Effective layering of solutions means ensuring that your layers, whatever kind of malware they focus on, start

to spot and remediate threats along this timeline long in advance of the threats hitting their stride, providing

a carapace of protection - before, during and after.

Catch an infection early and it will do little or no damage.

What of the “one-stop-shop” approach?

Fundamentally, the idea of a one-stop security approach for customers simply militates against practical


As with most things in engineering, one solution that is designed to address every conceivable problem

tends to deliver mediocre performance across the piece. When malware is developing and mutating at such

a stellar rate on a daily basis, this “one size fits all, always” approach simply lacks credibility.

Here are just a few examples of the challenges - both malware-borne and in-house - that security has to

protect customers against if it is to do its job properly. How many of these is a one-stop solution credibly able

to simultaneously defend against?

Phishing email

Spear phishing attacks (accounting for 55% of malware attacks experienced by IT networks in the last


Drive-by download

Malicious attachment


Ransomware payload delivered by email

Unpatched software

SQL injection attack

Web-borne malware attacks (accounting for 80% of malware attacks experienced by IT networks in the

last year)

APTs (accounting for 65% of malware attacks experienced by IT networks in the last year)

Rootkits (accounting for 65% of malware attacks experienced by IT networks in the last year)

Missing or poorly implemented encryption

Weak wireless configuration

Legacy and other unsupported applications

Insecure vendors and business partners

Opinion Paper:

Layered Security v. One Stop-Shop

Moreover, in an effort to fudge this inherent mismatch between the reality of the threat landscape and the

functional capabilities of their products, many one-stop-shop vendors have resorted to deliberate opacity in

how they assemble and describe their solutions.

For example, they often apply terminology borrowed from the enterprise and “point” versions of their

products to the cut-down versions designed for one-stop SMB use, when the functional scope of each (and

the extent to which they are supported) is in fact very different.

Does “web content filtering” mean the same thing in a separate-but-ever-more-closely-integrated enterprise

solution as it does in a one-stop SMB sticking-plaster offering? Unlikely.

Likewise, vendors often combine SMB and enterprise offerings into one, giving the impression that the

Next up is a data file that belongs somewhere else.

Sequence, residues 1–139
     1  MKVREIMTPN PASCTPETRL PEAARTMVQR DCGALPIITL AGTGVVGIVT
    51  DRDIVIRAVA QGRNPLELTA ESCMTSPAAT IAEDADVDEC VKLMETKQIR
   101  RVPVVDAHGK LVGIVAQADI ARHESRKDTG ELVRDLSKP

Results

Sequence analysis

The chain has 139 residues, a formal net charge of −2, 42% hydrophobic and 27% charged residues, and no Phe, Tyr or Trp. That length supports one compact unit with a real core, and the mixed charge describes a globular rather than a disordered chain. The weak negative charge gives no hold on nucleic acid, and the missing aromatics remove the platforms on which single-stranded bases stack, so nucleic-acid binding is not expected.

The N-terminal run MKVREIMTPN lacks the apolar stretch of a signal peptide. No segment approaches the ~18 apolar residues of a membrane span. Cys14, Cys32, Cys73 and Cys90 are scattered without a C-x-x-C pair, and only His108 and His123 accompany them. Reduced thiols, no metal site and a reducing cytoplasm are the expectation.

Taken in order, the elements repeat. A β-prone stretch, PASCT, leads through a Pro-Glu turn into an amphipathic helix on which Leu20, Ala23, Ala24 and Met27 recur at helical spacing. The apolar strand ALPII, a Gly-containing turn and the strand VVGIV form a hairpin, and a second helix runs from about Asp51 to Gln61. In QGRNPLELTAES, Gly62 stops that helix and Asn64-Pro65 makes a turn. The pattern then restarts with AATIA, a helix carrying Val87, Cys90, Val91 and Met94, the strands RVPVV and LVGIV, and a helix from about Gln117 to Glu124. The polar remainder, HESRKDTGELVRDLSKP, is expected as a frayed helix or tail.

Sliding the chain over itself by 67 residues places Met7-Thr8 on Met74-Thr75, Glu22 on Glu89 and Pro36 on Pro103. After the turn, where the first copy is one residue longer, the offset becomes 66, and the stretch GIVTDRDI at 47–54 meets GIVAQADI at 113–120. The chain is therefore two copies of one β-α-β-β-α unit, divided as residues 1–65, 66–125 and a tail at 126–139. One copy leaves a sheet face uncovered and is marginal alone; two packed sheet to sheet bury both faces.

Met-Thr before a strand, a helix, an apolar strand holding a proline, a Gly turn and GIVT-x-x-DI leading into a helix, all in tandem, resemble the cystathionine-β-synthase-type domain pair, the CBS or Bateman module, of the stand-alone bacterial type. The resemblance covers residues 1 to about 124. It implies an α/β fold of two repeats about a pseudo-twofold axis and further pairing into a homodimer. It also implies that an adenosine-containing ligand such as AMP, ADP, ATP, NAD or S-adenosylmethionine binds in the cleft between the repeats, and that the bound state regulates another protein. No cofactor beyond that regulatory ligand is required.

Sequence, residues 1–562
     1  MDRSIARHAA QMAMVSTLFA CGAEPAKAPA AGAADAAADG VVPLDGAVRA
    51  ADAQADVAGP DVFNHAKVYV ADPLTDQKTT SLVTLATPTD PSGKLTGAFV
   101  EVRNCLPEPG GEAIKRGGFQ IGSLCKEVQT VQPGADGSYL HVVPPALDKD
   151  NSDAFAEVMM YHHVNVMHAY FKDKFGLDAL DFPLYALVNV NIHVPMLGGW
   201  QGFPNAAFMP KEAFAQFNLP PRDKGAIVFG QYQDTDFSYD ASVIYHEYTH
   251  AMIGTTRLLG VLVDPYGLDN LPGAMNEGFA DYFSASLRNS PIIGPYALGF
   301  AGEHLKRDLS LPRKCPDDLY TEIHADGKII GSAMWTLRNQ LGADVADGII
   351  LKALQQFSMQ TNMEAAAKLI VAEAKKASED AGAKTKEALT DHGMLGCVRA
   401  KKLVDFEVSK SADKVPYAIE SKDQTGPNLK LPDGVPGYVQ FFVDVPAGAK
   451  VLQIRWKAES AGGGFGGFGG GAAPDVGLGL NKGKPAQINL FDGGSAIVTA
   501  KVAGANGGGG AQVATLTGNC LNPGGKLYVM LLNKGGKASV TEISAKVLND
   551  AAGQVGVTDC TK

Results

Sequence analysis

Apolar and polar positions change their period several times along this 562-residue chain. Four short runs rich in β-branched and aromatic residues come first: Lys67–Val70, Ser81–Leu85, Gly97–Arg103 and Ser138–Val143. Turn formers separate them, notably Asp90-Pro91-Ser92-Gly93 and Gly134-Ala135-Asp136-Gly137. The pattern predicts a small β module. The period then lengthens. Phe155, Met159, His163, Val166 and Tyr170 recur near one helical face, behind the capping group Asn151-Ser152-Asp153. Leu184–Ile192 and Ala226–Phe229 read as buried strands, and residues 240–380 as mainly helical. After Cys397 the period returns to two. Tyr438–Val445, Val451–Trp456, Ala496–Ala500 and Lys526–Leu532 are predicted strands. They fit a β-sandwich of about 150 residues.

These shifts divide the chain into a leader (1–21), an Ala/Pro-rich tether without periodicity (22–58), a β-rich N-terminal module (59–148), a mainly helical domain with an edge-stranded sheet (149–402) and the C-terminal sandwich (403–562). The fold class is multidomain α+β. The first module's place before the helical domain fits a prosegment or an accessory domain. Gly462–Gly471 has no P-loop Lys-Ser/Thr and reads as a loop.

same high-capability technology is theoretically available to both audiences. But no vendor can truly offer

champagne-level protection modules at beer-level prices; somewhere, functions are being rationalised, but

vendors are often reluctant to clarify this.

Once again, the statistics speak for themselves: if one-stop software is the dominant approach in the market

(which it is), and can comfortably handle all the threats ranged against it, then why, according to Verizon 4 , do

60% of attacks manage to compromise organisations within minutes?

And with a majority of IT admins and security practitioners stating, in recent research 5 , that current working

practices are only going to drive this risk skyward, (73% of respondents cited the use of commercial cloud

applications, 63% home and offsite working, and 68% employee-owned mobile devices), does the one-stop

approach really have any security credibility left at all?

One-stop security v. layered – the commercial view

Of course, at some point in the sales cycle, the basic human need for convenience and the basic business

need for cost-effective simplicity assert themselves, and this is where one-stop security solutions –

particularly those delivered through the MSP model, where the customer is totally “hands off” – can prove


Customers value the solutions because their apparent all-inclusiveness gets a huge headache off the IT

security manager’s desk in one drop. Partners value the solutions because their very inclusiveness often

means they come with centralised consoles for licensing, servicing, reporting, and technical management,

plus integrations to automated RMM and PSA solutions.

This is a degree of low-maintenance manageability that the powerful layered players are, for the moment,

perhaps not able to deliver in quite the same seamless way.

In addition, some non-layered security vendors do benefit from an established reputation and enviable

brand trust, simply because they have been developing and marketing for so long. Some have even produced

multiple award-winning solutions that, consequently, have a fiercely loyal reseller, MSP and end-user

following worldwide.


As previously cited


See infographic at

Opinion Paper:

Layered Security v. One Stop-Shop


But partners are in this business to make a profit, and it stands to reason that if they can provide multiple

layers of protection that cover off every conceivable malware instance, and charge for each of them -

particularly within customer installations that can continue to use solutions the partner has previously

supplied - the financials look compelling.

In contrast, the one-stop-shop offers little flexibility to tackle specific and emerging threats, little opportunity

to easily multiply revenue streams, and, because it will often displace other solutions already installed,

little commercial potential within the multi-layered threat landscape that commentators are already

predicting 6 will predominate in 2016 – and beyond.


Learn more about layered versus one-stop-shop

security opportunities in the IT channel.

Next Generation Security Distribution

0118 9898 222 | |